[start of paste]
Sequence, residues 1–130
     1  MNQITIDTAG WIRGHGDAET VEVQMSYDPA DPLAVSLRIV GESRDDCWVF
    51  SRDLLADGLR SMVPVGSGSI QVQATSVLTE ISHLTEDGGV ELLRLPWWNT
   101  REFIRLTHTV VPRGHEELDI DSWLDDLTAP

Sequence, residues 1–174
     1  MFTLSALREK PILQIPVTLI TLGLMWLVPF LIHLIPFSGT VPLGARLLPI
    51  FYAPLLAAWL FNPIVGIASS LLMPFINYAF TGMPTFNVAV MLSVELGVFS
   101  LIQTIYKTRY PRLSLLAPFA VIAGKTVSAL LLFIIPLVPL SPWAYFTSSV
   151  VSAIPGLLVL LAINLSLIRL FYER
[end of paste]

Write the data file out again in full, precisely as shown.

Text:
Sequence, residues 1–130
     1  MNQITIDTAG WIRGHGDAET VEVQMSYDPA DPLAVSLRIV GESRDDCWVF
    51  SRDLLADGLR SMVPVGSGSI QVQATSVLTE ISHLTEDGGV ELLRLPWWNT
   101  REFIRLTHTV VPRGHEELDI DSWLDDLTAP

Sequence, residues 1–174
     1  MFTLSALREK PILQIPVTLI TLGLMWLVPF LIHLIPFSGT VPLGARLLPI
    51  FYAPLLAAWL FNPIVGIASS LLMPFINYAF TGMPTFNVAV MLSVELGVFS
   101  LIQTIYKTRY PRLSLLAPFA VIAGKTVSAL LLFIIPLVPL SPWAYFTSSV
   151  VSAIPGLLVL LAINLSLIRL FYER